I learned a few things about money management during my paid working career (as compared to retirement, where I work for free 😉). Some of it was eye-opening. For example, one day I overheard a program leader comment that his program had taken a 5% budget cut. Five percent? We built that budget with sharp pencils and calculations down to the penny, so what did he mean, a 5% cut? We worked by the federal fiscal year, October 1 through September 30. He planned for a 10% increase going into the new year, received only a 5% increase from the funding agency, and he saw that as a 5% cut. Even with a 5% increase he did not get all that he wanted, so he was down in the mouth about a “cut.”
Later I noticed our funding agencies playing the same game with Congress. A federal program, or maybe an entire agency, would ask for a 15% budget increase. Congress deliberated, held hearings, kicked the can down the road once or twice, and then finally worked out some budget numbers in conference committee over cold pizza and cold coffee in the middle of the night. No smoking allowed, or it would have been the proverbial smoke filled room. The agency received, say, a 9% increase but then complained about the 6% “cut” like it was a punch to the gut. The extra 6% never actually existed, except in their hopes and dreams, but that did not stop the story of a “cut.”
And now we see the US government playing a similar game on the taxpayers. Which taxpayers? You, me, our kids, and our grandkids. So how does the game work? Well, the executive branch decided to forgive (bail out) student loans to the tune of $300B, $500B, or maybe more. Nobody seems to know how much this will eventually cost (the feds don’t seem to figure anything all that closely), but it is in the hundreds of billions of dollars. So how will they pay for this wealth transfer? Where will they find the money to forgive the debts? Glad to hear that you have the same question, and this week a government spokesman gave us the answer: with taxes going up and federal spending not ramping up as fast as they would like, they think that the growth in the federal debt this year will be a trillion and a half or so less than expected, so that gives them plenty of room to forgive a few hundred billions in student loans. And maybe spend some more money when they think of how to spend it. So they will write off the loan dollars against red ink dollars that have a kind of questionable existence. Kind of reminds me of the hypothetical 5% that my deserving program leader wanted. Am I missing something here, or is this just hocus-pocus on a trillion dollar scale?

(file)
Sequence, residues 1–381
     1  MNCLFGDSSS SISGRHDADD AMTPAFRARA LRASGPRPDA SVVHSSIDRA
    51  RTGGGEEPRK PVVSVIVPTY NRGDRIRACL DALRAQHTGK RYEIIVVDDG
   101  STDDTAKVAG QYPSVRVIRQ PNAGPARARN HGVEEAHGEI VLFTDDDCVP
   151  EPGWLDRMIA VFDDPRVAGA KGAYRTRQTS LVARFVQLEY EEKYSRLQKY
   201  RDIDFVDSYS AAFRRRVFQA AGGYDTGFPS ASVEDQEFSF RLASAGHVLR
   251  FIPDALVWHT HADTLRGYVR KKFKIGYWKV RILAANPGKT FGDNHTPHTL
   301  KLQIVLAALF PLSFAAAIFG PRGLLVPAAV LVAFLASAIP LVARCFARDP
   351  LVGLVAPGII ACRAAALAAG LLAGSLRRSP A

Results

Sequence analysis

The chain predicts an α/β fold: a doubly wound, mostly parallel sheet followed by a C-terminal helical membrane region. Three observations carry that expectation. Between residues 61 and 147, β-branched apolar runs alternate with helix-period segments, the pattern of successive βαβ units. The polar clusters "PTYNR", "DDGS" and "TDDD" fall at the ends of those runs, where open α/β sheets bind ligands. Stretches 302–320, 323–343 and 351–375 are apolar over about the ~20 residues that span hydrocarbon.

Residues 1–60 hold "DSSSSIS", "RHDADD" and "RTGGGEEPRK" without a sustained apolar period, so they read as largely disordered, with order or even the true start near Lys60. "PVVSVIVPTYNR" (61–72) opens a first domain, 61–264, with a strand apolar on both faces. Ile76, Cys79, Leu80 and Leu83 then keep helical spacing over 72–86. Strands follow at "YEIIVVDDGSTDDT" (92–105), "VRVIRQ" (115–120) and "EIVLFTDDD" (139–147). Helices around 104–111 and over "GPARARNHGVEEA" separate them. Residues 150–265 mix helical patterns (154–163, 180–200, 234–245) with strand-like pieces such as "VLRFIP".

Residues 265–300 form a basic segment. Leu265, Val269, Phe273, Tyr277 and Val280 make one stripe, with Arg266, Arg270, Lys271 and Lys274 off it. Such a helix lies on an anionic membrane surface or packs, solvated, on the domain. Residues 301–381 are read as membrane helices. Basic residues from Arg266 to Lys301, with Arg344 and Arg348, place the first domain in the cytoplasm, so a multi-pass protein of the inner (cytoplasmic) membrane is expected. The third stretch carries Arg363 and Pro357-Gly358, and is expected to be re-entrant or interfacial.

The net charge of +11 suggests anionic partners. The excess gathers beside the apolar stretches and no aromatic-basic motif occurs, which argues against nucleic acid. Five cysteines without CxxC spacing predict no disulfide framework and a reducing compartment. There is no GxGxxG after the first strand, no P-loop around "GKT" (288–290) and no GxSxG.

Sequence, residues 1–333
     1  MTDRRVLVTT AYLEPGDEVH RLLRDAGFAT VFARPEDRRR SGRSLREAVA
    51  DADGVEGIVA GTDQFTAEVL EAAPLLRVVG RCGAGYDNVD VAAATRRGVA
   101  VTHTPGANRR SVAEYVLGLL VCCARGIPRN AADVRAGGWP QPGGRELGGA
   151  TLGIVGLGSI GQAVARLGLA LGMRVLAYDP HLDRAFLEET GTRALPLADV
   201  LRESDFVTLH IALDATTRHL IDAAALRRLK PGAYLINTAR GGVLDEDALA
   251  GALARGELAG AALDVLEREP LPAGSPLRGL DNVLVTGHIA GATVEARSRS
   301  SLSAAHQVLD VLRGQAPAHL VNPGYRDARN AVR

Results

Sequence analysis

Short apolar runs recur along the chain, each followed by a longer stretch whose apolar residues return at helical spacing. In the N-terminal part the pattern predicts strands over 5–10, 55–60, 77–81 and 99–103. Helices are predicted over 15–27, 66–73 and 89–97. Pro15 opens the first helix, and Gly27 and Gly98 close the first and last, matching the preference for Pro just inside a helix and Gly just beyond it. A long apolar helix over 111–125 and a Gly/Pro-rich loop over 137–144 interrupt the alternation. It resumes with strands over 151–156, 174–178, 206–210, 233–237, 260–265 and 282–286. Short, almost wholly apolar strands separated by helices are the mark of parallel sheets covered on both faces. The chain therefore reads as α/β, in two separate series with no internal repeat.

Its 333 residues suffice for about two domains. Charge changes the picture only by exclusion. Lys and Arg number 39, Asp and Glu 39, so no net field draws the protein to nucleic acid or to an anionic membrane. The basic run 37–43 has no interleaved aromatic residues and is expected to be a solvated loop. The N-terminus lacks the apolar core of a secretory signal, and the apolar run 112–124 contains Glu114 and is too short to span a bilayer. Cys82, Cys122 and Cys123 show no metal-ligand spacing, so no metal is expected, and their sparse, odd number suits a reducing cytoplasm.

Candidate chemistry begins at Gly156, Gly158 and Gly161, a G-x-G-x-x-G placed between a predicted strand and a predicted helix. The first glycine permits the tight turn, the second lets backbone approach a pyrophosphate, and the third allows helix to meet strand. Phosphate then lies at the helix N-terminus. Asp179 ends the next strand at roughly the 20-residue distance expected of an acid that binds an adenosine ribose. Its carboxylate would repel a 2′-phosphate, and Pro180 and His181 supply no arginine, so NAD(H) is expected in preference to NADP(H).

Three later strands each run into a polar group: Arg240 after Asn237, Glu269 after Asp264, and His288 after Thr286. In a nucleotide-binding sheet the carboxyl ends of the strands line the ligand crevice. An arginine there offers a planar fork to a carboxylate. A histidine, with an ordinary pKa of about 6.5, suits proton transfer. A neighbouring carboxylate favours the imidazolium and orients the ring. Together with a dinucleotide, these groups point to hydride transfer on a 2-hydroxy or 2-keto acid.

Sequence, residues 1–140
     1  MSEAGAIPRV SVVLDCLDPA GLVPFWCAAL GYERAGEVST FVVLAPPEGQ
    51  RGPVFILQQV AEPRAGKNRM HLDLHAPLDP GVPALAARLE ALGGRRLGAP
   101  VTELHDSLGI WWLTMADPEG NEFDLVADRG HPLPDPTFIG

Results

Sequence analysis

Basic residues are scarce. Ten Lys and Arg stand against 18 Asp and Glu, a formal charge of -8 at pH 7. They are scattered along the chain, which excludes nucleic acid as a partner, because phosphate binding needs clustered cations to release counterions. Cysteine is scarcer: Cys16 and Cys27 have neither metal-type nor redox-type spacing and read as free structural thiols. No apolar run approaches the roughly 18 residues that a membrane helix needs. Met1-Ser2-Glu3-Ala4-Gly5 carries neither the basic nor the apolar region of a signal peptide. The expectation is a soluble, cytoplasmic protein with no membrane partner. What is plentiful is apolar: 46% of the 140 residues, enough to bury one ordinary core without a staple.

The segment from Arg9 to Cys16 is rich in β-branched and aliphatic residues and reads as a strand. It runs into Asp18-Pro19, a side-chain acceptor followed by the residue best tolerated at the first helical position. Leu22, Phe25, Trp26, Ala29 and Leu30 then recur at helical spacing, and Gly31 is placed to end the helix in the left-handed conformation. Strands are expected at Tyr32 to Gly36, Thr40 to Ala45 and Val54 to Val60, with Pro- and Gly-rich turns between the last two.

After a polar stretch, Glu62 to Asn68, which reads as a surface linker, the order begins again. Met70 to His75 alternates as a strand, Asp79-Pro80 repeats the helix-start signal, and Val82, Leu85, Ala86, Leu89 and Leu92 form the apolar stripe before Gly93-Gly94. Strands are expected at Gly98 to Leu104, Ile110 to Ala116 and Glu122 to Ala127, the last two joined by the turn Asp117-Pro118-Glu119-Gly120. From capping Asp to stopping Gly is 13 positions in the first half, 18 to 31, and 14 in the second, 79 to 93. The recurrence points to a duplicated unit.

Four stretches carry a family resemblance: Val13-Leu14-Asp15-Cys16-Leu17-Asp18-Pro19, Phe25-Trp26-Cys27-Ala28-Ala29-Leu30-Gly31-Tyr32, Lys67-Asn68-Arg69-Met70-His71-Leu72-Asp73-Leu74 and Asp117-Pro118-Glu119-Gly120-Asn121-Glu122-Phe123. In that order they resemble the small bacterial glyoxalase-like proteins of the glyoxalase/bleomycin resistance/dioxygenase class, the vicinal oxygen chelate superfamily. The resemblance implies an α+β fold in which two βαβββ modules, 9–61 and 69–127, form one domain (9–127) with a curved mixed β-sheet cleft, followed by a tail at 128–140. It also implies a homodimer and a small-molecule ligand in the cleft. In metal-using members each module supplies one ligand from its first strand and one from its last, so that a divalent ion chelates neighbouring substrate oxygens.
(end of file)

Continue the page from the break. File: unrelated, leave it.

By the way, the Bible is shot full of places where God calls for justice in our lives, communities, and commerce. Honest scales and honest money come to mind, although God’s justice is about much more than scales or money. It might be a good idea to pray for justice in our government.
4 thoughts on “Budget? What’s a Budget?”
For the politicians and bureaucrats it’s all about power and money. Very few are governing for what i would call God’s good will. Yet, God put them in place. Why??
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Romans 13 tells us that they are supposed to execute justice, but since they are corrupted by sin, they often fail. I can identify with the prophet Habakkuk in terms of frustration with things getting out of hand.
Throughout the Bible God’s people turn away from from Him repeatedly but return in the face of hardship and in His mercy He forgives and takes them back but not before the recognize and repent of their sins. Should we be praying for repentance?
Yes, I think so. Although if we follow Habakkuk’s example maybe we should pray for God’s justice. Or both.